The Good Ship Readership

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By: Jay Schiller

For the past few years, the Audit Bureau of Circulations’ FAS-FAX reports have included a section devoted to readership, although only a relatively small number of readers utilize it at present. While section includes five different categories, let?s look at two of them: Average Issue Adult Readers and Readers Per Copy.

Some of the newspapers providing readership information break up the totals by RSPA 1 and RSPA 2. (“RSPA” stands for Readership Profile Area.) Like ABC reports that have defined geographic reporting zones, readership reports also have defined geographic zones as well. Some newspapers define one reporting zone while others will define two, the major difference being that RSPA 1 and RSPA 2 can overlap.

In the March 2005 FAS-FAX, I found newspapers varying in Readers Per Copy from as low as 1.8 to as high as 4.4 — at The New York Times — with the norm being around 2.5. Readership is broken out by Monday-Friday and Sunday.

While it should follow logically that readership changes year over year should mirror changes in paid circulation, that wasn?t always the case. In fact, there were instances where the opposite held true; readership sometimes increased while the newspapers sold fewer copies, or newspapers sold more copies but had fewer readers.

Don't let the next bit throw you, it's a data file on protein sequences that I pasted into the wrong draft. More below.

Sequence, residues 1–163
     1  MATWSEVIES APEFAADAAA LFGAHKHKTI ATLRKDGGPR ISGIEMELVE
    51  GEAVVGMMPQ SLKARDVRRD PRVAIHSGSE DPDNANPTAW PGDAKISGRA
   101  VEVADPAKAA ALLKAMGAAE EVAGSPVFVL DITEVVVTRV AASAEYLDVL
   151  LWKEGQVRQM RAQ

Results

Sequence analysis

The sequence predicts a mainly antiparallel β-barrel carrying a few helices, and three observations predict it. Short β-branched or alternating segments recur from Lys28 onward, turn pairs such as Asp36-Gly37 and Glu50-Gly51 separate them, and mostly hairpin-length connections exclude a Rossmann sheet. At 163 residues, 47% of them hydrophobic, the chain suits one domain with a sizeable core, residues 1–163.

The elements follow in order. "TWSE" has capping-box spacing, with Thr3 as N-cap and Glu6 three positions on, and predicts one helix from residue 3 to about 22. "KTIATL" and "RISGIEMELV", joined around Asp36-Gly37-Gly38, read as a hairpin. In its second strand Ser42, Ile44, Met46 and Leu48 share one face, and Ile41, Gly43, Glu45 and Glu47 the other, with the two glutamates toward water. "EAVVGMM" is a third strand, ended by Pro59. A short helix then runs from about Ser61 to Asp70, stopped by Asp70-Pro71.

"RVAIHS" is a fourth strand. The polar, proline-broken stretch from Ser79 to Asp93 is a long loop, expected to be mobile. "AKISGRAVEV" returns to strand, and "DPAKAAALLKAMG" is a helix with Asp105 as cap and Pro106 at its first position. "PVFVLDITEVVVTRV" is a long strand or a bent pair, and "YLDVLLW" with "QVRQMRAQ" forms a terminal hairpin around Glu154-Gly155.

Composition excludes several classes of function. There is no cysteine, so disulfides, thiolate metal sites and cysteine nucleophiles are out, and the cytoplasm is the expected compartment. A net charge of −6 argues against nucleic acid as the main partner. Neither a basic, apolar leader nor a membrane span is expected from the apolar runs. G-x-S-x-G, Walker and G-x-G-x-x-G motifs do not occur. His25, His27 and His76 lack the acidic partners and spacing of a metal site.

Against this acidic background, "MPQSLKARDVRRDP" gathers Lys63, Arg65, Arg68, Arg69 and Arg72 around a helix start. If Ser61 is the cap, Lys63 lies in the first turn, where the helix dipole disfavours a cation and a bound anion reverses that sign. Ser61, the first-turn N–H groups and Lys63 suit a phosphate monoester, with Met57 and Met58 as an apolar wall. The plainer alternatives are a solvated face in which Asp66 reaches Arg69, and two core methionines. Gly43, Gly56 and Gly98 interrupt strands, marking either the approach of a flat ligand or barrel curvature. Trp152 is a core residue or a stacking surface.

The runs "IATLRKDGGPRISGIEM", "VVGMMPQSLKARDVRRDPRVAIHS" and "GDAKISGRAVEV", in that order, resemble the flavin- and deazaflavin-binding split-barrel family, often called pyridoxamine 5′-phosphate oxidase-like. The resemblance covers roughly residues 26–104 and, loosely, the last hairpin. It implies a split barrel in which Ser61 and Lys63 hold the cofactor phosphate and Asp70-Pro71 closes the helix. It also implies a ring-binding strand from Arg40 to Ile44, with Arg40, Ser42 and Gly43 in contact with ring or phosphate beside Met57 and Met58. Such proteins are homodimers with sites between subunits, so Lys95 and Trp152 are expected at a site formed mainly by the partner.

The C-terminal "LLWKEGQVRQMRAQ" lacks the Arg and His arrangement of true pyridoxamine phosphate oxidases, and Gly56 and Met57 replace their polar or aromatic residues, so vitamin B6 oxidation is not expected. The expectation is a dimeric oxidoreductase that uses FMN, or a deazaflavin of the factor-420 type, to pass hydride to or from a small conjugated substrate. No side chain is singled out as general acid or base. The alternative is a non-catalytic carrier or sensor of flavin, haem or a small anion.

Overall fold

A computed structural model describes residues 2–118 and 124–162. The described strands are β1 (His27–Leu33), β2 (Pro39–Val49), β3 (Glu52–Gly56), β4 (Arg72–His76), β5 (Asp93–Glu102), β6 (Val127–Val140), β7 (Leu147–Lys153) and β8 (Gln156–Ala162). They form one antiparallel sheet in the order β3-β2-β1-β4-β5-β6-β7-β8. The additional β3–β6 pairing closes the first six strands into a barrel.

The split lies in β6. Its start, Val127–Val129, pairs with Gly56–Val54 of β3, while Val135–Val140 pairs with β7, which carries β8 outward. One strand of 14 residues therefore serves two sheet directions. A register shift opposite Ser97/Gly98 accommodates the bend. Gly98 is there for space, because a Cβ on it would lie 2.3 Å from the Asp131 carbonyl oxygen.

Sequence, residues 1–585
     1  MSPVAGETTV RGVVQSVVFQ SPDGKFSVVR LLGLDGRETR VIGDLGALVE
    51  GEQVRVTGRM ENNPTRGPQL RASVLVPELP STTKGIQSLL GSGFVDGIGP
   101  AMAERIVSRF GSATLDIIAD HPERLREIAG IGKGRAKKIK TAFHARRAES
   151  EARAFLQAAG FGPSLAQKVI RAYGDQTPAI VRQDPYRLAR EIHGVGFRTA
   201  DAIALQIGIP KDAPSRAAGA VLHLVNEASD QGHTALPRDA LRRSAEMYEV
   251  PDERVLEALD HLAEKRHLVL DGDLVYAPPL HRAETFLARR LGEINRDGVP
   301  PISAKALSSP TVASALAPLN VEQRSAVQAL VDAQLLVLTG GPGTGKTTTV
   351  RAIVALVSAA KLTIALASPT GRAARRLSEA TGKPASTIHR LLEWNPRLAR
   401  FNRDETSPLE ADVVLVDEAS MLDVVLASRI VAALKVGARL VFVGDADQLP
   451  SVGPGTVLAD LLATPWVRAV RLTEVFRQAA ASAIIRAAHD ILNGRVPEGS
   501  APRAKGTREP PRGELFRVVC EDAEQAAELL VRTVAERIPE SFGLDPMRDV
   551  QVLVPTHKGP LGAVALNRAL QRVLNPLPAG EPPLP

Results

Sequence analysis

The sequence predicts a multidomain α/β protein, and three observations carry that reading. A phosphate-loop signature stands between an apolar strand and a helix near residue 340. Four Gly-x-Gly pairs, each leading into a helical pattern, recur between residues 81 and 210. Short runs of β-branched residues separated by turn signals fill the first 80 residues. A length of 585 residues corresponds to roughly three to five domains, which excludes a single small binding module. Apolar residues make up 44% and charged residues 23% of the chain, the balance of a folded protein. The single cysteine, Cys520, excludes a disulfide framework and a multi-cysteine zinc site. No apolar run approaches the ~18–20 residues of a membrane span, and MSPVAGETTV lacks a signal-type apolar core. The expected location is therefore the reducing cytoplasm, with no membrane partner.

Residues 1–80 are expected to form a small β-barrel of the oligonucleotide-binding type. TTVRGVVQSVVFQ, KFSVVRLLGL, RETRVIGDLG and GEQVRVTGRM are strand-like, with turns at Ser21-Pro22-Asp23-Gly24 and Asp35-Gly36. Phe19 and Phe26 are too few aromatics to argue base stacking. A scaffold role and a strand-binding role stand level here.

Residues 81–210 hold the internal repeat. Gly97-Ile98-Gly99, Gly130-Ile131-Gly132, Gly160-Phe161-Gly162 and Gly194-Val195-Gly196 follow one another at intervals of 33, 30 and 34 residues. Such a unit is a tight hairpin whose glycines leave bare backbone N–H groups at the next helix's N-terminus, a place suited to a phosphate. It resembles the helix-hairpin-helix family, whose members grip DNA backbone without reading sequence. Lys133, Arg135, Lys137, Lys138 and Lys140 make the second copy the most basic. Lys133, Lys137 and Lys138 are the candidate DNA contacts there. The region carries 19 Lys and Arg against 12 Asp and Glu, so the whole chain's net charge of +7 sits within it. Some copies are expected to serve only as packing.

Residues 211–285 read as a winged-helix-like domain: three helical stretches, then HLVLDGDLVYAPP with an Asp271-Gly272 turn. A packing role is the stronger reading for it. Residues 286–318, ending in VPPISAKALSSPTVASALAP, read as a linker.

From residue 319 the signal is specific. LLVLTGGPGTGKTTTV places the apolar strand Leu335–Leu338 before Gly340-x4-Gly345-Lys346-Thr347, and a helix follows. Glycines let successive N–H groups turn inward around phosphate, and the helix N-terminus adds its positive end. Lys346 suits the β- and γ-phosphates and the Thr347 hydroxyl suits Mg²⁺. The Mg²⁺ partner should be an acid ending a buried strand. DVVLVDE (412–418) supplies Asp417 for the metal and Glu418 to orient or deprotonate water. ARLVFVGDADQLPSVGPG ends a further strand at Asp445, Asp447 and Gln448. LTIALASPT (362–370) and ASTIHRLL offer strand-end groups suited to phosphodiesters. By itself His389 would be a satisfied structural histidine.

The New York Times, for example, reported basically flat total paid circulation for the March 2005 statement versus March 2004, but readership there was another story. In its RSPA 1, daily and Sunday readership dropped by 200,300, or 3.9%, and 67,000, 1.0%, respectively, while in its RSPA 2, the daily and Sunday declines were 216,000, 9.7%, and 237,300, or 7.1%. The bottom line is that while the publisher’s statement shows no material declines in paid circulation, the New York Times has apparently (to judge by these numbers) lost hundreds of thousands of readers.

The Milwaukee Journal Sentinel, on the other hand, showed a material increase in Sunday readership (by 17,500) while Sunday paid circulation declined (by 19,006).

Another case: The Los Angeles Times’ daily (62,805) and Sunday (107,593) circulation declines were dwarfed by its readership plummeting by 359,300 daily and 352,500 on Sundays.

The New Haven Register, meanwhile, lost almost half a reader per copy, going from 2.5 to 2.1 daily and 2.8 to 2.3 Sunday. At the other end of the spectrum, The Philadelphia Daily News showed a mega-readership increase of 107,000, or 24.0%, despite dropping 11,308 copies, or 8.1%, in paid circ, as its readers per copy went from 3.2 to 4.2. I would be interested to learn what the Daily News did to realize an extra reader per copy.

Some newspapers that reported readership figures last year opted not to do so this year. Other newspapers reported readership figures for the first time.

Overall, it still stands to reason that readership changes should be proportional to variances in circulation totals. When newspapers have readership and paid circulation totals going in opposite directions, it raises questions about the auditing of both, and what changes produced the trend.

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